what team did you play for, whats your name?

from website:

How do we know CrossFit Football's programming works? Because it has been designed by NFL players and some of the top coaches in the world. Not only has it been created by top athletes, but it has been used to compete at the highest levels of professional sports. The utility of this program is not theoretical; it has not been designed by someone that thinks it might work, but by athletes and coaches that have dominated at the highest levels of competitive athletics.

chances are, in your development leading up to and including the NFL, you did not use crossfit football.. since it didn't exist.. and most football s&c coaches have not utilized anything similar to crossfit football i would bet.. so how long has this system existed to make it unparalleled in the industry, before it became public?

peace[/quote]


#13

Yeah If I was a kid looking to get strong for American football I dont think i would follow this. Football has many different positions and body types and a crossfit program just doesnt make sense to me. I think that if done smart crossfit can be great for a guy thats looking to be a jack of all trades but for football? I dont know...... I would probably stick with my fellow jersey boy Joe DeFranco. He's got a longgggg list of success stories and his program is nothing like this.


#14

John

My question how do you feel that one workout can be affective for every position in football?
I understand you were a lineman correct? Would your workout really be that similiar to a reciever?
Also how do you choose the workout of the day? is there a certain structure you follow weekly or is it kept random?


#15


http://www.nfl.com/players/johnwelbourn/profile?id=WEL024225


#16


Another picture

This was for contextual data.

I want to know, other than yourself, who else helped develop this program?


#17

If those things happened very often you would have a good argument. As it is, those are extremely rare.

I'm not going to be disrespectful, because as you said it is free. I also haven't bothered to read the website because I honestly have never been big on crossfit. I do want to point out that in the time I've played football, I've never wished I could trade my speed or strength for somebody else's endurance. I'm not trying to say endurance has no value. I just feel that other things are much higher priorities.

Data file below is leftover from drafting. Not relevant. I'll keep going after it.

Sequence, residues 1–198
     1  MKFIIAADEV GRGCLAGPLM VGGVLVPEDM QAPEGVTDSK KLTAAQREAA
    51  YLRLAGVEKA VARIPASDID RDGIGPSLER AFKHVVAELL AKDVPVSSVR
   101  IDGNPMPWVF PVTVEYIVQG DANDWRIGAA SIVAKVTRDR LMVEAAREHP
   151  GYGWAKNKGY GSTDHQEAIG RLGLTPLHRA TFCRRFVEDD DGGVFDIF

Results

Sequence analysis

Like I said, I didn't read your site, and am not trying to bash you, but I just wanted to throw that out there.


#18

andrew darqui, assisted with training of ~30 athletes getting ready for the nfl combine/pro days in 2006.. trained a bunch of football players from various positions from 2007-2009 (not-nfl).

if you took my comments as "angry towards crossfit football" then you have clearly failed to comprehend my post..

i don't understand that paragraph.. how is measuring performance inconsistent with a percentage based lift.. either a percentage of bodyweight or a percentage of current 1RM? ok bodyweight/1RM can change, but "5 reps with 185 on power clean" can be vastly different between positions (strength/mass).. i never mentioned position-specific lifts, I referred individual-specific loading.. one-size fits all loading doesn't make much sense to me.. i mean you could always go heavier or light on the weight given by the WOD, but it would be better if that was already implemented beforehand, to eliminate guesswork.

could you explain to me how this is a good in-season workout, i'm just curious:

also one more thing, you mention these coaches:

what exactly did they create? i mean, the WOD's follow what kind of progression, other than a bust-your-ass-nearly-every-day progression? i don't see how that would be too hard to develop IMO, no offense to them.

;0

peace


#19

i like how none of the vets are gonna touch this with a 10 foot pole


#20

"what exactly did they create? i mean, the WOD's follow what kind of progression, other than a bust-your-ass-nearly-every-day progression? i don't see how that would be too hard to develop IMO, no offense to them." - adarqui

I don't think the typical crossfit enthusiast is really into muscle building as obsessively as the average Testosterone reader. Crossfit, in my opinion, attracts people who want to be "hardcore" about their workouts but don't necessarily know a lot about fitness. People here complain of how male crossfit physiques are wimpy and don't contain nearly enough muscle for our tastes. Most women on the other hand probably think those lean and slightly to very ripped bodies are just fine. Plus women seem to get fucking sexy doing their WODs.

Bottom line: crossfit goers are too cool to develop their own workout of the day.

Just my two cents on the subject if anyone cares. And since I have no knowledge about football related conditioning at all, I cannot give my opinion on the crossfit football matter.